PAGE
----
Advance Peace gets funding from Fresno as part of youth violence intervention

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Friday, October 21, 2022
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The task of reducing violence in Fresno is now shared by the police department and 13 organizations, including Advance Peace.

FRESNO, Calif. (KFSN) -- The task of reducing violence in Fresno is now shared by the police department and 13 organizations working with young people -- including Advance Peace, which was at the center of controversy earlier this year.

The organizations will split $1.5 million for youth programs.

After a deadly gunfight at a north Fresno bowling alley this February, the threat of more violence grew.

Advance Peace operatives say they reached out to some of the people who might get involved in violence and calmed down the situation.

"This is the only organization that is working directly to stop," said Rev. Simon Biasell of Woven Community Church. "Intervention from violence repeating."

Advance Peace was originally slated to get $950,000 in city funding this year, but saw its reputation damaged by the arrest of Leonard Smith.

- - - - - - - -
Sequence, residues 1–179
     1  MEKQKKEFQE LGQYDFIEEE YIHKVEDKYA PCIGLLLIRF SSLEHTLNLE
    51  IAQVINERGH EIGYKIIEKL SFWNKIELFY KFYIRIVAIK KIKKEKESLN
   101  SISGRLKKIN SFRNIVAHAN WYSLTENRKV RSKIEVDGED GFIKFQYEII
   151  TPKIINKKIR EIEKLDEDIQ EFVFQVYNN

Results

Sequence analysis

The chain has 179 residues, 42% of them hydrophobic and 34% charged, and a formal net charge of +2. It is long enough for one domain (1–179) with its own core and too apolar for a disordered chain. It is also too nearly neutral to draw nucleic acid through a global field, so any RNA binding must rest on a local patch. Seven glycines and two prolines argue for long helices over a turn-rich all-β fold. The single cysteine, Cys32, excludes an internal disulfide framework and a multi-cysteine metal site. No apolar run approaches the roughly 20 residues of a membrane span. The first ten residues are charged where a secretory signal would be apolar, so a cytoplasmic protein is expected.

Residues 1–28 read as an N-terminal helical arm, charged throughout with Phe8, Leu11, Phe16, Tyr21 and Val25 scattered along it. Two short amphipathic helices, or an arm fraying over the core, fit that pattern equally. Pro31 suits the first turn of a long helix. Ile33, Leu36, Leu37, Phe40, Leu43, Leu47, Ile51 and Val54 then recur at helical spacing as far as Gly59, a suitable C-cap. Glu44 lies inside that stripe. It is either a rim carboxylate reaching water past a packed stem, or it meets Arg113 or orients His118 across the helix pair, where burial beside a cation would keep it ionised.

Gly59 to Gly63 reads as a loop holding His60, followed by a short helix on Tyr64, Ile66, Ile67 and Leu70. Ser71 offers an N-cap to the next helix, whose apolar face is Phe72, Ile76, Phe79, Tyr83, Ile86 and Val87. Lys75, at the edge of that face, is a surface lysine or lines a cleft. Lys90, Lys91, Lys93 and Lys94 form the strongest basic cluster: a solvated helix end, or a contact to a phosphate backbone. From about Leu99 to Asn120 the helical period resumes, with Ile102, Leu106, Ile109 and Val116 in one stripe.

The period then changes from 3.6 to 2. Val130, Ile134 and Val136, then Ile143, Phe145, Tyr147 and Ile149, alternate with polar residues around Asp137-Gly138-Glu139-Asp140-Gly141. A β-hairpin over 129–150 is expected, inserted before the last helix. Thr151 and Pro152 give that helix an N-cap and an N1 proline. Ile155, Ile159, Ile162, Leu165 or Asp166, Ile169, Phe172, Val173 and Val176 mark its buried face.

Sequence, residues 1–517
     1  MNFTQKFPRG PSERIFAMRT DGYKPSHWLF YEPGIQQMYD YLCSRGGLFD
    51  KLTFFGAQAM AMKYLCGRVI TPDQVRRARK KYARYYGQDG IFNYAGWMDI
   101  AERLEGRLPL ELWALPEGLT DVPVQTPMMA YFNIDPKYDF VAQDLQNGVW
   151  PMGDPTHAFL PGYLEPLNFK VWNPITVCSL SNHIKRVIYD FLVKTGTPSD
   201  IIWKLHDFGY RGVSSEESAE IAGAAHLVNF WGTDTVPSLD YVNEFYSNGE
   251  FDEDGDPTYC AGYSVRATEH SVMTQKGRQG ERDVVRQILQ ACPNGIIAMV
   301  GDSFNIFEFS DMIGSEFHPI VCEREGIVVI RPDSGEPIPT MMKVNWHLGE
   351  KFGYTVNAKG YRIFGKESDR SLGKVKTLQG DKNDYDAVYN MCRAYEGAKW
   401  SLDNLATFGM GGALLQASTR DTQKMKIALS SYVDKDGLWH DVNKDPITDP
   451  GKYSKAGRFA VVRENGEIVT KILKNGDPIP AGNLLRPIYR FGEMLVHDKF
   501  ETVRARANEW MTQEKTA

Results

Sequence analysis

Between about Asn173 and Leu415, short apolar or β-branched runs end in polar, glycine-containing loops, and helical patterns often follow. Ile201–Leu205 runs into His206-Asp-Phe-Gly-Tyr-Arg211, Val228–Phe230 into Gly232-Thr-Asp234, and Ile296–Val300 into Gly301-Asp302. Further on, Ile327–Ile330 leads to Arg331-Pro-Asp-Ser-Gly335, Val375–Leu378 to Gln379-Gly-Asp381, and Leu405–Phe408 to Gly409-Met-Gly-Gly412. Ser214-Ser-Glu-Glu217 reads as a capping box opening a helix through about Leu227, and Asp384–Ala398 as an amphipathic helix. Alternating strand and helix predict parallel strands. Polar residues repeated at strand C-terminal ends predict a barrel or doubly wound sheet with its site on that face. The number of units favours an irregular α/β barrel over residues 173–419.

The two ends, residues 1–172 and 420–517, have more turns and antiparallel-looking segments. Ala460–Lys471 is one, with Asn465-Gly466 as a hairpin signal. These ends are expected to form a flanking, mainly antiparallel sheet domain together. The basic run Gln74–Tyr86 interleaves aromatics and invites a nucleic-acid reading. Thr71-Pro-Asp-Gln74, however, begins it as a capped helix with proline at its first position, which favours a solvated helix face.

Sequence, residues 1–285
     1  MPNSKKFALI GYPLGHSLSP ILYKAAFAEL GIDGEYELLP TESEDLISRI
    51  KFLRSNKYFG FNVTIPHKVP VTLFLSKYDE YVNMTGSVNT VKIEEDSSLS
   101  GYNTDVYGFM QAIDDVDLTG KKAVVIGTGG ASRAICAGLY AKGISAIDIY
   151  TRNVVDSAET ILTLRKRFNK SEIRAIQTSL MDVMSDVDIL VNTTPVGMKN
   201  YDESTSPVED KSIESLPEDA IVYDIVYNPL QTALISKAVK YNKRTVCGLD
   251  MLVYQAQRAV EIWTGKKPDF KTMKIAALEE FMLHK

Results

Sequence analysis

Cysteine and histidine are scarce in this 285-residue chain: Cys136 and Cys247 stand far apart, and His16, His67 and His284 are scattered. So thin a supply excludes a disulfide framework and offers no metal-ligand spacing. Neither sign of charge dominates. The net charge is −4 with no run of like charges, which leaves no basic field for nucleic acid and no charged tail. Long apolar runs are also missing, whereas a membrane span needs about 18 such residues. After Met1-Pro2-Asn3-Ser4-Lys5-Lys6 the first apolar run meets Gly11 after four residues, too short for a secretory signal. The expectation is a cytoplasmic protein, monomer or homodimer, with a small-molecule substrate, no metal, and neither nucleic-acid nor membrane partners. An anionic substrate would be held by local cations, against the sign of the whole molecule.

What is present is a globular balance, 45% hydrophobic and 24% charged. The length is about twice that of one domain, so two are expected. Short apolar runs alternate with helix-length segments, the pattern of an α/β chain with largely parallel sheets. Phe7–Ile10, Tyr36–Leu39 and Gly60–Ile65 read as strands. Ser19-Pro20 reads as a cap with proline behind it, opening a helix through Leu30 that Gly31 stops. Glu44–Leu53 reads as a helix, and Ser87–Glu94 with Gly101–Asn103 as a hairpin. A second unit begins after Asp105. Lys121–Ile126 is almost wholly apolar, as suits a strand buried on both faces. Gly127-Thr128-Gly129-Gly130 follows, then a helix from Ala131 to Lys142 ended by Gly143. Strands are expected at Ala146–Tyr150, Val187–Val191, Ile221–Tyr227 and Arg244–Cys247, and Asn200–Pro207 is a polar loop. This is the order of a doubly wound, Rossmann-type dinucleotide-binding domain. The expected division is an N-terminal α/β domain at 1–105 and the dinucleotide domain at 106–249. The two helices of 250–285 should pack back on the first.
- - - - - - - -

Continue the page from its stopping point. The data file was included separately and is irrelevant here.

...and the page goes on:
RELATED: Gang conspiracy investigation could hamper violence prevention organization

The Advance Peace employee was charged with conspiracy to commit murder in April.

By June, the funding was gone.

But Fresno faith and community leaders pushed for ways to keep the program funded and at least some city councilmembers were easily convinced.

"I know that Advance Peace changes lives," said Councilmember Tyler Maxwell. "I know that they save lives. And I know they save our city taxpayer dollars by preventing these crimes, violent crimes, gun-related crimes before they ever take place."

Mayor Jerry Dyer sat with Advance Peace leaders at Thursday's city council meeting and supported the group getting a quarter of the funding from new grants aimed at keeping young people out of trouble.

"There are 13 organizations that are being funded with the $1.5 million," said Dyer. "Each of them fit a certain niche within our community that is needed, from prevention to intervention."

With guarantees that police are on board and that the money won't be used to pay stipends as an incentive to keep gang members inactive, city council unanimously approved the funding.

Aaron Foster says that'll help Advance Peace give kids a chance to dream instead of feeling stuck in the streets.

"We're reaching out to youth because our shooters are becoming younger and we want to give them alternatives to gun violence, as they deserve," Foster said.

Foster says Advance Peace's work with youth is already underway, but this money could help accelerate it and reduce violence even further.